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It's a gloriously sunny day in Venice as the city’s most famous waterway crowds with decorated boats and people dressed up in their finest, all ready for the annual festivities.
This painting, and its partner work, The Basin of San Marco on Ascension Day, are among the grandest views of Venice that Canaletto ever made.
The level of detail is extraordinary. Our eyes hop from delicate wisps of cloud in the bright winter sky, to row upon row of arched windows with brightly coloured awnings.
Clusters of flamboyantly decorated boats float on Canaletto’s typical fish-scale waves and onlookers line the banks in crowds so dense they look like shingle on a beach.
In the foreground, figures dressed in traditional masks and extravagant cloaks and dresses, enjoy animated conversation. Even a pair of stray dogs can’t resist taking part in the most exciting event in the Venetian calendar.
The regatta usually took place on 2 February on the Feast of the Purification of the Virgin and coincided with Venice’s famous Carnival. With masks worn and identifies disguised, mischief and trouble abounded.
Here, though, the scene is a calm one. A race is underway and all eyes are on the water, as the one-oared gondolas or ‘battelli’ race up the centre of the canal. In the bottom left, two boats come round a bend and strain to keep their distance as they come alongside each other. Further ahead, we can see their competitors disappearing from sight towards the Rialto Bridge.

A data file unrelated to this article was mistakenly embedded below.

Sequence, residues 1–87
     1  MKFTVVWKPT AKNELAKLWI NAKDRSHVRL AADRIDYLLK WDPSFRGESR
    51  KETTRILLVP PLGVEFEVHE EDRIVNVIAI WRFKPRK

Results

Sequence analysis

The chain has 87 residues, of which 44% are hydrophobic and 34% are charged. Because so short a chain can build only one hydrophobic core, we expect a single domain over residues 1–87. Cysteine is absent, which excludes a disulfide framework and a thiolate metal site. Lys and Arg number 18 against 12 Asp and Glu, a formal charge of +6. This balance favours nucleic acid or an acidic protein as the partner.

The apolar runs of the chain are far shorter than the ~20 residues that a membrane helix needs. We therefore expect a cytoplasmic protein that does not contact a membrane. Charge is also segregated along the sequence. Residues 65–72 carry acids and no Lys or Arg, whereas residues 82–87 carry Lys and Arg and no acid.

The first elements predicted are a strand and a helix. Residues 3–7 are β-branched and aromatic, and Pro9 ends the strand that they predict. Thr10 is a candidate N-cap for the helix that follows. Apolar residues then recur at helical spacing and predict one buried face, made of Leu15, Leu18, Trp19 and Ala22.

In the bottom left, stands an eye-catching pavilion apparently made from gleaming marble. Canaletto skilfully suggests the purple veins of the stone. Yet, this is a double-artifice – a painting suggesting a marble structure, that was in fact made of painted wood, plaster and papier mâché. The Macchina della Regatta was only a temporary erection created especially for the event as a place to give out the prizes.
Canaletto was born Giovanni Antonio Canal in 1697 in Venice. His father was also a painter, a fact which led to the nickname ‘Canaletto’ or ‘little canal’. It could hardly have had a more fitting alias considering his preferred subject matter as an artist.
His paintings of Venice proved extremely lucrative for him, and he had a large studio who helped to produce them. The impeccable perspective and level of detail have led some to believe that he used a camera obscura, but he was doubtless a very skilled artist. The paintings were often bought by visiting nobility, and some of his most avid customers were British travellers who bought his work as a kind of luxury souvenir. The artist visited England many times, painting works like Eton College and London: Interior of the Rotunda at Ranelagh, both in the National Gallery’s collection.